In the United States, baseball still makes the claim of being "the national pastime", but few believe it anymore. In the Dominican Republic, however, there is no doubt: baseball is king. The DR can call many US major leaguers its sons, including current stars Pedro Martinez, Luis Polonia, Raul Mondessi, and, of course, Sammy Sosa.
Santiago is the hometown of one of the most dominant teams in Caribbean baseball, the Aguilas Cibaeņas (Cibao Eagles). The Aguilas have won the Caribbean World Series three years running, and are currently in pursuit of their fourth straight championship. A group of us were lucky enough to get tickets to Game 6 of the national finals; the winner of that best-of-seven series would go to Mexico City for the Series. The Aguilas led the national series 3-2. Would they win today and clinch the title?
As announcers like to say, it was a beautiful day for baseball. There's nothing fancy about this stadium -- no Jumbotron instant replay screen or high-tech scoreboard -- but the atmosphere is so electric that no such gizmos are needed. This place rocks! Even when the Aguilas are getting blown out, as we witnessed two weeks before, it's wild here.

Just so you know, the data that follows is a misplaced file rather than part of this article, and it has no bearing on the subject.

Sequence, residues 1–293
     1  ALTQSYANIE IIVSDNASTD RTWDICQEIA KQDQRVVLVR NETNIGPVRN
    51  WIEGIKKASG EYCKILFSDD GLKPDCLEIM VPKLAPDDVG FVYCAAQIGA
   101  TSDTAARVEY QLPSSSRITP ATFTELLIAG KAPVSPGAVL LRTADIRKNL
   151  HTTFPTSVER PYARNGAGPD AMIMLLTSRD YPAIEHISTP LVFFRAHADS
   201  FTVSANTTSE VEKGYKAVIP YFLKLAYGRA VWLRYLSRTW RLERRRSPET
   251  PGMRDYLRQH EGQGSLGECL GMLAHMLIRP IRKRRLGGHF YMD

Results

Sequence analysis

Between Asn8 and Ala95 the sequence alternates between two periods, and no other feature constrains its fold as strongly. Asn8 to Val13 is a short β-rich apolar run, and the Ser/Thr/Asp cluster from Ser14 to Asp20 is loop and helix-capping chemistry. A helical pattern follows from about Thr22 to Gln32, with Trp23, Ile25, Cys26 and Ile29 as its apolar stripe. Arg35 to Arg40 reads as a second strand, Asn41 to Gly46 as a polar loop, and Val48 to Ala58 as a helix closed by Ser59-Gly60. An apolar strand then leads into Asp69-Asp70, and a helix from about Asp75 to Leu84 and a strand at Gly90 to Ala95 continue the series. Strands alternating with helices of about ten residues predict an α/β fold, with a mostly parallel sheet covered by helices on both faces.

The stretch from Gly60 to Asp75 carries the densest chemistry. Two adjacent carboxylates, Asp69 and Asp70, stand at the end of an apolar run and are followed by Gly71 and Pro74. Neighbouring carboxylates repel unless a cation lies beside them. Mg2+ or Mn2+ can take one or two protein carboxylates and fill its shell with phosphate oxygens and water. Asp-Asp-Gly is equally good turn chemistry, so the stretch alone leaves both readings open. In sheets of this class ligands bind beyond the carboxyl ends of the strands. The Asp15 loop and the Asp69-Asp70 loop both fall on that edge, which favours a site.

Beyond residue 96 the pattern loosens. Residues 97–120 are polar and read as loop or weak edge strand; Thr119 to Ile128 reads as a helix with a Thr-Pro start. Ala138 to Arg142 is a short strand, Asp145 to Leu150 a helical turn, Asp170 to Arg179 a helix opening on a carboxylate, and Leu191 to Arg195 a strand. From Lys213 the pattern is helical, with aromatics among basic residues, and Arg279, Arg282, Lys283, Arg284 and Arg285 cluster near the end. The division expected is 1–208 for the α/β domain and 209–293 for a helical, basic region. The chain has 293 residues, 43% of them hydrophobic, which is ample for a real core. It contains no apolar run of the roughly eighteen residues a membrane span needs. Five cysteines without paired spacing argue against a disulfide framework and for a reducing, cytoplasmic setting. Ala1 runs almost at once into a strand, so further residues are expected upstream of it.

Every hit by the home team, and every out by the opponent, is a fiesta. Horns blare, and the fans wave gold Aguilas flags of every size. Here former NL Rookie of the Year Mondessi (he plays for the Dodgers in the US) gets a hit.
The Aguilas are ahead 7-2. Can they hold on for the victory?
Yes! The fans rush the field. Unlike the US ballparks, there are no lines of mounted police to keep them off the field. It is total mayhem, but joyously so -- no fisticuffs, just dancing and cheering and waving flags.
The celebration spills over into the streets of Santiago. But there are no concerns about vandalism, looting, or overturned cars, as has unfortunately become the pattern in US cities clinching a sports championship. It is a chaotic scene, but in a fun way. Time to party!
Don't ask why, but the way to celebrate here is to tie something metallic to the back of a motor vehicle. Students spotted one place in town where drivers could pull up and have stuff tied to their bumpers. Motor scooters drag cans and sheet metal. Cars drag bigger objects: car doors, 55-gallon drums, shopping carts, and my personal favorite below, an old refrigerator. You've got to figure that this guy had been planning this one for days.
NEWS FLASH: the Aguilas won their fourth straight Caribbean championship!